On this lesson page, https://networklessons.com/cisco/ccnp-route/bgp-attributes-and-path-selection/, you state that “On the Internet, it’s more important that you have granular control over how you forward your traffic and to which autonomous systems instead of just going for the shortest path based on a metric.” I would think it’s always most important to take the shortest path based on metric. Can you provide an example of why this isn’t always the case or further elaborate on that statement please?
Rene states that
Internal Gateway Protocols (IGPs) such as OSPF, EIGRP and RIP use a metric that is composed of, for the most part, information that indicates the shortest path. OSFP and EIGRP incorporate more information to provide not only the shortest path, but the best path. And the best path is not always the shortest. OSPF and EIGRP incorporate bandwidth, delay, reliability, all of which are used to determine the best path.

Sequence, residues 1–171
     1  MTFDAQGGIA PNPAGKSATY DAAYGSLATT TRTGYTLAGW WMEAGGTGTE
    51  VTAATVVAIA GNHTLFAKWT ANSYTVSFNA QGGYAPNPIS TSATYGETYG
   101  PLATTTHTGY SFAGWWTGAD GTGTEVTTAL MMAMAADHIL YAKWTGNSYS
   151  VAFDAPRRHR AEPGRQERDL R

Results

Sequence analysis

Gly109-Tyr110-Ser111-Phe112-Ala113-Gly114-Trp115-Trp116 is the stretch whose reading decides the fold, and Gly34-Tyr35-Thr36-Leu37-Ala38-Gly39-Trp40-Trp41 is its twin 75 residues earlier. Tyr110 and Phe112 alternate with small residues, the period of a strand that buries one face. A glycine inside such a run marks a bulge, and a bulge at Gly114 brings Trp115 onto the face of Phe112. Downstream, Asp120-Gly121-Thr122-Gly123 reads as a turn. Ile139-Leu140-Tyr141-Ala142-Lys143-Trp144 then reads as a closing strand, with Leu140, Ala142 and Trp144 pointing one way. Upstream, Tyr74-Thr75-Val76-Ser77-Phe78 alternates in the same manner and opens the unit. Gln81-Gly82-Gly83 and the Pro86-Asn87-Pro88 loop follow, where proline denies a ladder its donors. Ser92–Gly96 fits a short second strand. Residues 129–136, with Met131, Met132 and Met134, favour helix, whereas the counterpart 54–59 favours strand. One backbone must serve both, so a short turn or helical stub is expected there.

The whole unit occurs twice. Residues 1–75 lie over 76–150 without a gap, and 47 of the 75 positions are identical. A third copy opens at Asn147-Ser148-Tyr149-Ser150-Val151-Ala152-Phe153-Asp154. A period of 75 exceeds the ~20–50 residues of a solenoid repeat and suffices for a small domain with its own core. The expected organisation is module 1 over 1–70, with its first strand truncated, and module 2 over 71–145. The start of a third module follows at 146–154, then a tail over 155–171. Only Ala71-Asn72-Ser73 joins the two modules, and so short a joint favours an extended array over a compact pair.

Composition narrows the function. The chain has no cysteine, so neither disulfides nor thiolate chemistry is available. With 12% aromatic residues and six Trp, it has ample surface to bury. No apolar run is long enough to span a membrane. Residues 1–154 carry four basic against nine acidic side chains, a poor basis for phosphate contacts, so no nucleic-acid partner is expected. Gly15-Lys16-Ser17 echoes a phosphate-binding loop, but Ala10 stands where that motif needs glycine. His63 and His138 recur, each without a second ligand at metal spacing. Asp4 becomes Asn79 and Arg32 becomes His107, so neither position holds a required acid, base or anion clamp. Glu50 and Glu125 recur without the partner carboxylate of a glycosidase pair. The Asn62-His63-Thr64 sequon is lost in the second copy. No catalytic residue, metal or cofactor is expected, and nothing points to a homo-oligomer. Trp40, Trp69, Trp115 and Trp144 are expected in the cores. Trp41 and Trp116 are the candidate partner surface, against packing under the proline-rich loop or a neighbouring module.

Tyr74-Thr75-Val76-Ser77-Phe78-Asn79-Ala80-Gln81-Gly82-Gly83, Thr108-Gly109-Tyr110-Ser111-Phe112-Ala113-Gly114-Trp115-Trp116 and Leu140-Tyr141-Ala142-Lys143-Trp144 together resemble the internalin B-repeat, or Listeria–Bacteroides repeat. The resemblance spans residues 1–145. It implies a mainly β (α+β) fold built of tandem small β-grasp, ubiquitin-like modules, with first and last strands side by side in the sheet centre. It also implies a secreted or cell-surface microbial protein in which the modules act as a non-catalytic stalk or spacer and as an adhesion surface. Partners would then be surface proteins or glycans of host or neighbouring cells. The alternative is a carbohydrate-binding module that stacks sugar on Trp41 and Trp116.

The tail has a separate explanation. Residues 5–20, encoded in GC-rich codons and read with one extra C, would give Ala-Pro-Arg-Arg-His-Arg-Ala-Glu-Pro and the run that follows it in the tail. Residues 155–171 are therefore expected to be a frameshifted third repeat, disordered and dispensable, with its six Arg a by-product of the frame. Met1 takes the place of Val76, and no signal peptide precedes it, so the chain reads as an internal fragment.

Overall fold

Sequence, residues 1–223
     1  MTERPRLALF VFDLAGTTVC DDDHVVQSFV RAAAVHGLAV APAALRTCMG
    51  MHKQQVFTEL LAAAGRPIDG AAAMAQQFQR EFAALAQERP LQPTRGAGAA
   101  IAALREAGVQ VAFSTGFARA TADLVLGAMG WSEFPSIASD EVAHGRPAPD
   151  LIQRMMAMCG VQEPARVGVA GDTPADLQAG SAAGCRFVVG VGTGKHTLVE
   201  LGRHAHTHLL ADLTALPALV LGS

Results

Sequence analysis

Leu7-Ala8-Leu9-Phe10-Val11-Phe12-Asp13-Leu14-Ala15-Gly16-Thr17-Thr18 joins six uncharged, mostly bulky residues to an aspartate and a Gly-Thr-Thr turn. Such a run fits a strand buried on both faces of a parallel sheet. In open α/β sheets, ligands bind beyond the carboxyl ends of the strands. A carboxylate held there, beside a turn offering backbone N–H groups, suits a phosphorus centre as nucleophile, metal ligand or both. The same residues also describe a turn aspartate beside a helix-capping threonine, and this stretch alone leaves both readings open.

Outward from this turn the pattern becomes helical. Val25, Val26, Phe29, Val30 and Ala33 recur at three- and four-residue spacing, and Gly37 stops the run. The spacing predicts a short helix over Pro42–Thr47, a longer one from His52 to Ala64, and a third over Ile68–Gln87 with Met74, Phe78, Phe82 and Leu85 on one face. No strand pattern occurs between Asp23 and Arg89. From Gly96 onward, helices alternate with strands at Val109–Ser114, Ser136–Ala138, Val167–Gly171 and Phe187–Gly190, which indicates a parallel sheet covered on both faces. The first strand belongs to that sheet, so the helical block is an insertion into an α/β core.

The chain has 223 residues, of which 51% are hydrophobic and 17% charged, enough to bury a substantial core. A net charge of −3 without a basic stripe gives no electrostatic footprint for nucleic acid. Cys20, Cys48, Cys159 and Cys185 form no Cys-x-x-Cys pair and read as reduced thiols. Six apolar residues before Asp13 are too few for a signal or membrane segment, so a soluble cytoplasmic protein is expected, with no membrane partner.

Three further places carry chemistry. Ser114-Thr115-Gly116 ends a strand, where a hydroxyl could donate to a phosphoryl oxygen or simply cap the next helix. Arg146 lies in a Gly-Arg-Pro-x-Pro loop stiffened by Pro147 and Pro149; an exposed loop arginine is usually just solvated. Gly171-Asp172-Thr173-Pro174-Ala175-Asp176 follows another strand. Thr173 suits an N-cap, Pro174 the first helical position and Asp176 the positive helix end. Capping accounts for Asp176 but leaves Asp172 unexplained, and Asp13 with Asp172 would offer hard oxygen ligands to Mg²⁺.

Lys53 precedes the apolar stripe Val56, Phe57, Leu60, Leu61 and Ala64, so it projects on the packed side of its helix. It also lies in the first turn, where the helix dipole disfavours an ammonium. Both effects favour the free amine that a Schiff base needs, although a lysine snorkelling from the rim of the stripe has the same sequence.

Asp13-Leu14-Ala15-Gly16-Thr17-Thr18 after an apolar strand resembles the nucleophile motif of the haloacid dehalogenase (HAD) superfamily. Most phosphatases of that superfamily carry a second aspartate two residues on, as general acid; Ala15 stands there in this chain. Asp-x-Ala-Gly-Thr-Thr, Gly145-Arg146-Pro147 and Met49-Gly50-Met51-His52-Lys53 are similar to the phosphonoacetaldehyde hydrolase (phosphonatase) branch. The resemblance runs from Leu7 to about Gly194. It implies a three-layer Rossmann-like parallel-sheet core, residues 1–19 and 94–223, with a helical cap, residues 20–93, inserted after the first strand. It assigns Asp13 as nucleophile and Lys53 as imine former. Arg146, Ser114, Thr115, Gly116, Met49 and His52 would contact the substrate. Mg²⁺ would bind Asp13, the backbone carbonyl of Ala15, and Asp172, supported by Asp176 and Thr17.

Now BGP incorporates 11 attributes that are used to determine the best path. That is much more than RIP which uses one (hop count) or OSPF which uses bandwidth or even EIGRP which uses five or six depending on the version. (K1 through to K5 or K6).
Not only that, but each attribute is very specific and can be adjusted and readjusted and configured to do exactly what you like.
So the great advantage of BGP is the fact that there are so many options per attribute that can be adjusted and 11 attributes in total allowing you to adapt the methodology of routing to suit you. So in essence, because you have so much control over the nuances of the protocol, you are able to more appropriately route on the Internet, not based solely on shortest path, but truly on the absolute best path.
I hope this has been helpful!